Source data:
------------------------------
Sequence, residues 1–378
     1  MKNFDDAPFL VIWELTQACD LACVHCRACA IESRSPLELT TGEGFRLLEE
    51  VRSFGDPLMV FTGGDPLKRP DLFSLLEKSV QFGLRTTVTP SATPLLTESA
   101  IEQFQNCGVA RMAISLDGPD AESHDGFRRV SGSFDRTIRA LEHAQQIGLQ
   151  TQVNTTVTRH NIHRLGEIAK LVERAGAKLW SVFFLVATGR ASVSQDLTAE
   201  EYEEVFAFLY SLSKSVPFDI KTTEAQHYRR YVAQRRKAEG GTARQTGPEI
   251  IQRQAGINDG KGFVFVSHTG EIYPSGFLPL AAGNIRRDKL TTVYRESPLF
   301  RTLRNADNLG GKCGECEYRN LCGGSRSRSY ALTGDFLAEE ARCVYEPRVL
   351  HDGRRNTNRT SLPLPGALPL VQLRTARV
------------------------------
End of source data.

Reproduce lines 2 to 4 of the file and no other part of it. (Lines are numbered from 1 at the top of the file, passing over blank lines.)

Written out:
     1  MKNFDDAPFL VIWELTQACD LACVHCRACA IESRSPLELT TGEGFRLLEE
    51  VRSFGDPLMV FTGGDPLKRP DLFSLLEKSV QFGLRTTVTP SATPLLTESA
   101  IEQFQNCGVA RMAISLDGPD AESHDGFRRV SGSFDRTIRA LEHAQQIGLQ